Google's Project Zero team has been working to mitigate the flaws, leading to no downtime and no performance degradation.
Building a slide deck, pitch, or presentation? Here are the big takeaways:
- After months of working on fixes for the Spectre and Meltdown CPU flaws, the Google Cloud team developed solutions with "no perceptible impact" to performance and no downtime.
- If cloud solutions prove to be better protected against flaws like Spactre and Meltdown, it may push some IT leaders to consider further adoption.
Fixes for the recently-disclosed Spectre and Meltdown flaws are causing performance slowdowns and random reboots, but the cloud may be immune to these side effects. According to a Thursday blog post, the Google Cloud team has mitigated the flaws with no customer downtime and no performance degradation.
Software and firmware updates for the flaws have caused all types of problems on physical machines, as reported by TechRepublic's Nick Heath. But cloud providers like Google, Amazon Web Services (AWS), and Microsoft Azure aren't seeing the same impact.
If the work put in by these providers could prove that the cloud is better insulated from such massive flaws, it could encourage adoption of such services by IT leaders who want to avoid headaches in the future. The idea that cloud giants are experiencing less pain from Spectre and Meltdown could also give weight to the argument that public cloud security could, in fact, be stronger than most in-house efforts.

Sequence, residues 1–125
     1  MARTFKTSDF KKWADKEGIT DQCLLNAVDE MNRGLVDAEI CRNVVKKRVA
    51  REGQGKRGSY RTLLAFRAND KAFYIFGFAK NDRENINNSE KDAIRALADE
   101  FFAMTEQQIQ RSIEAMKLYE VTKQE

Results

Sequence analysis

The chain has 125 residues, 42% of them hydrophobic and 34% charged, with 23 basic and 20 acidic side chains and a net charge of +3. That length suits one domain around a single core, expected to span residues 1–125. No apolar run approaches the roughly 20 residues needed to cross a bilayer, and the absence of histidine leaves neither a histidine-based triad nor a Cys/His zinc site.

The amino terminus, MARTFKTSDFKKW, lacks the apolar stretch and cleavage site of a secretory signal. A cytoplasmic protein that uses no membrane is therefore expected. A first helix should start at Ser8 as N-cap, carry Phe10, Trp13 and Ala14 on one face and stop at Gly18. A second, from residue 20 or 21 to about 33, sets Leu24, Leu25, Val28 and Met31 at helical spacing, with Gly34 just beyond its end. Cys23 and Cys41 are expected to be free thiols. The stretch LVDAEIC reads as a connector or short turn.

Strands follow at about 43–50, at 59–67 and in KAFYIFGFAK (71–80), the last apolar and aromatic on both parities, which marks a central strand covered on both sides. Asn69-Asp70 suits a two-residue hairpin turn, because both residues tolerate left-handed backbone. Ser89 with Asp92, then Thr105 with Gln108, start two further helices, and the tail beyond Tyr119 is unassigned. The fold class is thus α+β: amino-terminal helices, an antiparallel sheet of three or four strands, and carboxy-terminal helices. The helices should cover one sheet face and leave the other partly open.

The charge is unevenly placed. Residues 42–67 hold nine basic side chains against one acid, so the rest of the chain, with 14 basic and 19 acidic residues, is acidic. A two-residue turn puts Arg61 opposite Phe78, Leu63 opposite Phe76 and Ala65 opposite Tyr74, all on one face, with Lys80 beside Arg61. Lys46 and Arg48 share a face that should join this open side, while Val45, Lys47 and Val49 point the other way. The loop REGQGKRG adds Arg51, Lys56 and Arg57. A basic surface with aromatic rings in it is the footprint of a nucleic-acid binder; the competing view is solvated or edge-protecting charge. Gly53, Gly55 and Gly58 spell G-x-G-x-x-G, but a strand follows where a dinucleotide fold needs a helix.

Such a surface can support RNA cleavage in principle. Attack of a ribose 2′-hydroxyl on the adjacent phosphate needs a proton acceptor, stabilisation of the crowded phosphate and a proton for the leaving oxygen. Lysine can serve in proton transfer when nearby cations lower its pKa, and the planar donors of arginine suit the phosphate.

SEE: Cloud computing policy template (Tech Pro Research)
As explained in Google's post, most CPUs have a system in place that walls off applications so they cannot see what's present in the memory of another application. However, the Spectre and Meltdown flaws break down this wall, allowing one app to read another's private memory, potentially exposing sensitive information.
Google noted that hundreds of engineers across the company have been working on mitigations for the flaws for the past few months. They began deploying these solutions in September and October 2017.
"Thanks to extensive performance tuning work, these protections caused no perceptible impact in our cloud and required no customer downtime in part due to Google Cloud Platform's Live Migration technology," the post said. "No GCP customer or internal team has reported any performance degradation."
The second variant of Spectre caused some problems in the beginning, though. According to the post, a new Retpoline kept Google Cloud from having to cut off key performance features and, by December, when all the flaws had been addressed, "nobody noticed," the post said.
These two flaws were "the most challenging and hardest to fix in a decade, requiring changes to many layers of the software stack," the post said. Google also noted that it didn't do it alone, writing that broad industry collaboration was needed to address Spectre and Meltdown. And if the cloud industry continues to stay ahead of such flaws, it could win over many more fans in enterprise IT.
- Special report: The cloud v. data center decision (free PDF) (TechRepublic)
- How much slower will your PC feel after patching for Spectre-Meltdown? (ZDNet)
- Google Cloud Platform: The smart person's guide (TechRepublic)
- Linux vs Meltdown: Ubuntu gets second update after first one fails to boot (ZDNet)
- Meltdown-Spectre patch: Watch out for random reboots warns Intel (TechRepublic)